Metro

Crime last year on MBTA dropped to lowest level since 1997

An officer at Park Street Station. The Transit Police reviewed crime data and made changes to how officers are deployed.

David L. Ryan/Globe Staff/file 2016

An officer at Park Street Station. The Transit Police reviewed crime data and made changes to how officers are deployed.

Major crime on the MBTA last year dropped to its lowest level in at least two decades, as authorities deployed more officers during peak travel times and cracked down on minor offenses to deter more serious crimes.

In total, 795 property and violent crimes were reported on the subway and commuter rail in 2016, a 21 percent decline from the year before, according to new statistics released Tuesday. That was the lowest number since the current system of record keeping began in 1997, and an official speculated it might be among the lowest levels in T history.

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Transit Police Superintendent Richard Sullivan credited a shift in police resources.

“We overhauled the whole philosophy of policing the MBTA system. It’s clearly paying off,” he said.

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The decline occurred even as MBTA ridership rose to more than 391 million trips, a jump of more than 10 million over the previous year.

Crime dropped across the board, statistics showed. Larcenies declined by 29 percent, and aggravated assaults fell 17 percent. There were no homicides, compared to three in 2015.

Paul Regan, executive director of the MBTA Advisory Board,which represents cities and towns that receive MBTA service, said he has noticed the increased presence of officers. Surveys have shown that passengers feel safe on the T, he said.

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“These are remarkably low numbers to have,” he said. “Statistically speaking, it’s unbelievably safe.”

The shift in police resources began last March, when the transit force shifted resources to weekdays, when riders take about 1.3 million trips per day, Sullivan said. On weekends, that traffic drops by upward of 60 percent, he said.

In deciding how to calibrate police resources day to day, the department examined not just overall crime statistics, but peak ridership times, customer volume at different stations, and the number of incidents police responded to over the previous 24 to 48 hours, Sullivan said.

Other factors that affect ridership, such as the weather or even how Boston sports teams are faring, are also considered in making staffing decisions, he said.

The department also stepped up enforcement for minor offenses such as fare evasion, smoking, and loitering by placing plainclothes officers at station entrances.

“A lot of these people who we stop for these minor crimes are wanted for more serious crimes: robberies, assaults, and rapes,” Sullivan said. “We’re trying to keep those people off the system. We believe it’s a very effective tool for transit policing.”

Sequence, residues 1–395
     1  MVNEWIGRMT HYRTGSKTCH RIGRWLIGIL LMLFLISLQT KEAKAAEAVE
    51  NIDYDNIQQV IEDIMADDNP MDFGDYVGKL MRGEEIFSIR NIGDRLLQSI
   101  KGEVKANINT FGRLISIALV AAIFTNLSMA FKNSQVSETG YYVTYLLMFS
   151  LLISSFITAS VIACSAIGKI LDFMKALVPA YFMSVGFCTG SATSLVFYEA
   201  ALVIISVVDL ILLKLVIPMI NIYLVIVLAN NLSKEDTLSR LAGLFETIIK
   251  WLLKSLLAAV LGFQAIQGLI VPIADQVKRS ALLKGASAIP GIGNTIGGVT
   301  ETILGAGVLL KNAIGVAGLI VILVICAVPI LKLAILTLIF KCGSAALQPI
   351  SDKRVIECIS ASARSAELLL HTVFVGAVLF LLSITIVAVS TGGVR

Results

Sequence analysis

The MBTA’s acting general manager, Brian Shortsleeve, credited Transit Police Chief Kenneth Green. His “year-old patrol plan has resulted in positive change,” Shortsleeve said in a statement.

Stefan Wuensch, who serves on the MBTA Rider Oversight Committee, said he has noticed more transit officers posted at the largest stations and during big events such as the Super Bowl victory parade or storms that caused delays.

New buses equipped with surveillance cameras have also improved security, he said.

“I feel completely safe,” said Wuensch, who commutes from Lynn to Harvard Square.

Larcenies were the most prevalent crime, predominantly bicycle thefts, Sullivan said. The department reviewed theft locations and assigned uniformed patrols to the most common spots, and also conducted a public awareness campaign urging riders to lock their bicycles and register them with Rejjee, a mobile application that helps officers recover stolen property.

The largest jump was in arsons, which rose from one to five. In one case, some juveniles set fire to a piece of paper and threw it into a trash can. Another fire was started by a homeless person, Sullivan said.

Sullivan noted that Transit Police have fielded questions in recent weeks about social media reports suggesting officers were enforcing federal immigration laws. Sullivan said the reports are false.

“Transit police officers do not enforce federal immigration laws in any capacity,” he said. “We are here to serve everybody, regardless of their status.”

If someone is arrested for a violent crime who has a court-authorized warrant on an immigration issue, Transit Police notify federal immigration authorities, he said.

Passengers said they feel relatively safe on the T, even at night.

“I feel as safe taking the train by myself at night as I do walking around,” said Janet Schmidt, 60.

Globe correspondent Maddie Kilgannon contributed to this report. Laura Crimaldi can be reached at laura.crimaldi@globe.com. Follow her on Twitter @lauracrimaldi.
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